Brixton Mosque

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The Brixton Mosque
and Islamic Cultural Centre
Brixton Mosque, Gresham Road.jpg
Location1 Gresham Road, Brixton,
South London, England, United Kingdom

The Brixton Mosque and Islamic Cultural Centre (the "Brixton Mosque", or "Masjid ibn Taymeeyah") is a mosque located in Gresham Road in the Brixton area of South London.


The mosque follows the heterodox Salafi sect and some Worshippers wear traditional Islamic dress.[1][2] Its congregation is young and multiracial, with an average age of about 30. The mosque works to help rehabilitate recently released prisoners,[1] and is managed by Black British converts.[3]


Abdullah el-Faisal[edit]

Abdullah el-Faisal, a radical Salafi Muslim cleric who preached in the UK until he was imprisoned for stirring up racial hatred and in 2007 deported to Jamaica, was associated with the Brixton Mosque in the early 1990s, preaching to crowds of up to 500 people.[4][5] In 1993, he was ejected by the mosque's administration who objected to his radical preaching.[6][7] In 2007 the London Evening Standard published an apology for referring to el-Faisal as the "Brixton Mosque preacher" on 12 April 2007, and clarified that el-Faisal only preached at Brixton Mosque in the early 1990s and not after 1994.[5]

Richard Reid (the shoe bomber)[edit]

The mosque made international headlines when it was reported Richard Reid, the so-called "shoe bomber", had attended the mosque from 1996 to 1998 after converting to Islam in jail.[8][9] Abdul Haqq Baker, former chairman of mosque, told the BBC that Reid came to the mosque to learn about Islam, but fell in with what he called "more extreme elements" in London's Muslim community.[10] "We have been in contact with the police numerous times over the last five years to warn of the threat posed by militant groups operating in our area," said Baker in December 2001 after Reid's arrest.[11] He had warned that terrorist "talent scouts" prey on mosques like the Brixton mosque in search of the young and unstable. Baker warned the congregation, "The recruiting has got out of control. Beware. It's your sons, your teenagers who are plucked into these extreme groups."[12] A Time magazine article in 2002 said: "The Brixton Mosque is an ideal hunting ground for terrorist talent spotters since it attracts mainly young worshipers, including ex-convicts it helps rehabilitate."[13]

Zacarias Moussaoui[edit]

Zacarias Moussaoui, who was convicted of conspiring to kill citizens of the US as part of the September 11, 2001, terrorist attacks, frequented the mosque between 1996 and 1997.[8] Some sources report that it was during this period that he met Richard Reid, though others are less certain.[14][15][16][17] Moussaoui was expelled from the mosque after he began wearing combat fatigues and a backpack to the mosque, and pressured the cleric to provide him with information on how to join the jihad.[14][15][18]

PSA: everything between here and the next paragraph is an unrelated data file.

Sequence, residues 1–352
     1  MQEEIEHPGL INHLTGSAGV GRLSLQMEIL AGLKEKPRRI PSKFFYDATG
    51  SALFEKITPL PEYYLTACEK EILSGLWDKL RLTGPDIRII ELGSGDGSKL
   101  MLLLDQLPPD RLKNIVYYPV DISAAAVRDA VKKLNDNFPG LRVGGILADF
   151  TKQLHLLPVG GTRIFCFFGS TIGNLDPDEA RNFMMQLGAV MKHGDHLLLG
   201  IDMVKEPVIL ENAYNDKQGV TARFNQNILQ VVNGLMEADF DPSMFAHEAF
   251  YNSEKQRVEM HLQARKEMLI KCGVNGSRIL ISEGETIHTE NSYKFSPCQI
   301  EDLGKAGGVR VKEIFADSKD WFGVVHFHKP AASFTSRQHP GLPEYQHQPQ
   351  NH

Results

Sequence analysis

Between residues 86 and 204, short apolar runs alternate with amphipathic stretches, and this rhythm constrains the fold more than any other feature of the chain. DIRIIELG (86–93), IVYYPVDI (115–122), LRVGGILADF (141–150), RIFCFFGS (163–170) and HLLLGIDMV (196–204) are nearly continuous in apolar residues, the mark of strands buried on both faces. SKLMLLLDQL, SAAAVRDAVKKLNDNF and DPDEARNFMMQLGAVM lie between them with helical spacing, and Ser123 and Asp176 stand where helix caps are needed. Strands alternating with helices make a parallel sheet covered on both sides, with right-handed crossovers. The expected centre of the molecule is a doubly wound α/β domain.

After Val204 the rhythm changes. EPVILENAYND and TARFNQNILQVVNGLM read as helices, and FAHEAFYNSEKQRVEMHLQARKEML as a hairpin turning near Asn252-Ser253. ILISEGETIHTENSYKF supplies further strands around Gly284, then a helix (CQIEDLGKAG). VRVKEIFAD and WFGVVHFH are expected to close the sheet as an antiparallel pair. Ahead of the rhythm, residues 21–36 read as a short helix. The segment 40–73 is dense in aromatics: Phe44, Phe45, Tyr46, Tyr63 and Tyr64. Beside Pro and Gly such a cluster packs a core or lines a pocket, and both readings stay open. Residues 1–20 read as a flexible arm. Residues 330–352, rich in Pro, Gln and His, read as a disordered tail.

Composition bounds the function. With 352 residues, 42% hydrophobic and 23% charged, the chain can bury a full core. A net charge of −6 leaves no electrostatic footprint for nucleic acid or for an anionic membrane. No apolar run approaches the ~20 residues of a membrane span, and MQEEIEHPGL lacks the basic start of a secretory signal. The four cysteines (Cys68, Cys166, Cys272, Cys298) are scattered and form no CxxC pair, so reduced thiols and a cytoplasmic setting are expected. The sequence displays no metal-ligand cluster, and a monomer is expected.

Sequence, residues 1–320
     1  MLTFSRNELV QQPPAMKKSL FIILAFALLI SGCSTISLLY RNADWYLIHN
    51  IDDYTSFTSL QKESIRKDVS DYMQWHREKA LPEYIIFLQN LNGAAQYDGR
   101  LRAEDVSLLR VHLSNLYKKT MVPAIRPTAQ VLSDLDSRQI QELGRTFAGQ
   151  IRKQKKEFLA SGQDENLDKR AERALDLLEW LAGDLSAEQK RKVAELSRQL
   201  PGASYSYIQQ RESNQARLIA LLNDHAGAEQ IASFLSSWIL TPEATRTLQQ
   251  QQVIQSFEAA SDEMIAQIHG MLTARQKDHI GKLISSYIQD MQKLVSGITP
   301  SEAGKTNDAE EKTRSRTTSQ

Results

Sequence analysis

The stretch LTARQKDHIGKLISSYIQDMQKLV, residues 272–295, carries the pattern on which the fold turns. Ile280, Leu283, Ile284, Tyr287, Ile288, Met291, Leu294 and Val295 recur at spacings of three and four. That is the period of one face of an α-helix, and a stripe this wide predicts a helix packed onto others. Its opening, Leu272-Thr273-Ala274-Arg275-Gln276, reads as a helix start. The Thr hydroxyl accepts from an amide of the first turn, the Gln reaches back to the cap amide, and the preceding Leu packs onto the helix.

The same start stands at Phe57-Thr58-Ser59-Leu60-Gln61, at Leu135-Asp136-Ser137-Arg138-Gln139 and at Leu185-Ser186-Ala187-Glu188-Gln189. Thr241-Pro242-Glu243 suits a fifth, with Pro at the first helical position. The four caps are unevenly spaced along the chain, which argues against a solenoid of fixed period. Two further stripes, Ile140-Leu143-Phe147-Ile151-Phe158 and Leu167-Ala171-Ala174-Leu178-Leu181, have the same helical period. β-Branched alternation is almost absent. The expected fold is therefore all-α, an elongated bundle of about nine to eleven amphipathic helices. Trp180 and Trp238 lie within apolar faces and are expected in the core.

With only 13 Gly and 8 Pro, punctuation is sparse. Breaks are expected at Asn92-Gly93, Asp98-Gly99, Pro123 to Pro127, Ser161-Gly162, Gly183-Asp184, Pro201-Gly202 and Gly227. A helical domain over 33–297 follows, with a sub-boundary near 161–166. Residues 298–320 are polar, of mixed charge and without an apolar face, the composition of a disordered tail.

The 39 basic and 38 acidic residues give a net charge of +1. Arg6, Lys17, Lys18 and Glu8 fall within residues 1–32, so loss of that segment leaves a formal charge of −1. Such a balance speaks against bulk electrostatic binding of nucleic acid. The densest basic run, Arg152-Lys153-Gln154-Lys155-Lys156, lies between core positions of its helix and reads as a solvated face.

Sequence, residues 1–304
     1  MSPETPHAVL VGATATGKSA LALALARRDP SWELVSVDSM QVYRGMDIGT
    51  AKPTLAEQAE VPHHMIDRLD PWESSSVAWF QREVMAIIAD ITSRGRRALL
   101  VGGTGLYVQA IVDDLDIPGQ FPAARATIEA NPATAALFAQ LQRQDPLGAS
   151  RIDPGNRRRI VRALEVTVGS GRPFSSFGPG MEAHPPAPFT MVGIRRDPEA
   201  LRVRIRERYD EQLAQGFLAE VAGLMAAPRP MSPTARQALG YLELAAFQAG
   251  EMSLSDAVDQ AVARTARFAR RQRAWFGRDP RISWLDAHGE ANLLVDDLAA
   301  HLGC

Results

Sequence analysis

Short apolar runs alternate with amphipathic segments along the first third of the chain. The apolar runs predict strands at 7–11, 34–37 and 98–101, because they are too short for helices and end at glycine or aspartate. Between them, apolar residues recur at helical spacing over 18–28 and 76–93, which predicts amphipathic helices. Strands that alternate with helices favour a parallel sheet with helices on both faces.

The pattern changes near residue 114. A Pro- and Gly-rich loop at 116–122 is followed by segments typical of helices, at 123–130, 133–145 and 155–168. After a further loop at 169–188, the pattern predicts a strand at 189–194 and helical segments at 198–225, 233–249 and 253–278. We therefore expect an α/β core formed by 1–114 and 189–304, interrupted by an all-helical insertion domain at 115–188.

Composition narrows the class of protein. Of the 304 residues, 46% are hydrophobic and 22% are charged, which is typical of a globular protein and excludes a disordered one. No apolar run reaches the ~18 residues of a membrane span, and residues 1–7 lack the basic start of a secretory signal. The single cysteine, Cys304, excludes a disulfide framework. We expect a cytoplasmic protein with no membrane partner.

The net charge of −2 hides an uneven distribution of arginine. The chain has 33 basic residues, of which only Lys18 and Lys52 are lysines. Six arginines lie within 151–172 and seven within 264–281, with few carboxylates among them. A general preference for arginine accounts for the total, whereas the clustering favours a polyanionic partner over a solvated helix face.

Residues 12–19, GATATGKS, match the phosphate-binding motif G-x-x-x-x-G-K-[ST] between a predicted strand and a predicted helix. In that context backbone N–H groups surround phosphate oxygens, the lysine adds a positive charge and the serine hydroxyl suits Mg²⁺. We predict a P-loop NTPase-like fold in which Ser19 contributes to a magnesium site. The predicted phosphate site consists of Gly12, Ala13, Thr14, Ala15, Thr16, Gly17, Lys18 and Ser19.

See also[edit]


  1. ^ a b Harrison, Ted (28 September 2007). "Why Muslims keep the greater fast". Church Times. Retrieved 16 January 2010.
  2. ^ "Brixton Mosque and Islamic Cultural Centre". Retrieved 2010-03-18.
  3. ^ Kelso, Paul, "Terror recruits warning; Young Muslims 'fall prey to extremists'," The Guardian, 27 December 2001, accessed 11 January 2010
  4. ^ Johnston, Philip (27 May 2007). "7 July preacher Abdullah El-Faisal deported". The Daily Telegraph. Retrieved 23 December 2007.
  5. ^ a b "Resolved Complaints: Brixton Mosque and Islamic Cultural Centre and London Evening Standard". Press Complaints Commission. Retrieved 11 January 2010.
  6. ^ M. R. Haberfeld, Agostino von Hassell, eds. (2009). A New Understanding of Terrorism: Case Studies, Trajectories and Lessons Learned. Springer. p. 243. ISBN 978-1-4419-0114-9.CS1 maint: Uses editors parameter (link)
  7. ^ Odula,Tom (10 January 2010). "Radical Jamaican-born Muslim cleric returns to Kenya after his deportation fails". Edmonton Sun. Archived from the original on 2010-01-16. Retrieved 16 January 2010.
  8. ^ a b James Bamford (2005). A pretext for war: 9/11, Iraq, and the abuse of America's intelligence agencies. Random House, Inc. p. 237. ISBN 9781400030347.
  9. ^ Maria do Céu Pinto (2004). Islamist and Middle Eastern terrorism: a threat to Europe?. Rubbettino Editore srl. p. 47. ISBN 978-88-498-0887-2.
  10. ^ "UK | Shoe bomb suspect 'one of many'". BBC News. 2001-12-26. Retrieved 2010-03-18.
  11. ^ "London Mosque Leader: We Warned About Radicals," Fox News, 27 December 2001, accessed 11 January 2010
  12. ^ Philip Jenkins (2007). God's continent: Christianity, Islam, and Europe's religious crisis. Oxford University Press US. p. 224. ISBN 9780195313956.
  13. ^ Helen Gibson, "Looking for Trouble," Time, 14 January 2002, accessed 11 January 2010
  14. ^ a b Jane Corbin (2003). Al-Qaeda: in search of the terror network that threatens the world. Nation Books. p. 276. ISBN 978-1-56025-523-9.
  15. ^ a b ''Encyclopedia of modern worldwide extremists and extremist groups'', p. 271, Stephen E. Atkins, Greenwood Publishing Group, 2004, ISBN 0-313-32485-9, ISBN 978-0-313-32485-7, accessed 11 January 2010. Retrieved 2010-03-18.
  16. ^ "Who is Richard Reid?". BBC News. 28 December 2001. Retrieved 16 January 2010.
  17. ^ Hoge, Warren (27 December 2001). "A Nation challenged-the convert; Shoe-Bomb Suspect Fell in With Extremists". New York Times. Retrieved 16 January 2010.
  18. ^ "The Religious Trajectories of the Moussaoui Family", Katherine Donahue, ISIM Review 21 (Spring 2008), p. 18, accessed 11 January 2001[permanent dead link]

External links[edit]

Coordinates: 51°27′55″N 0°06′46″W / 51.4652°N 0.1127°W / 51.4652; -0.1127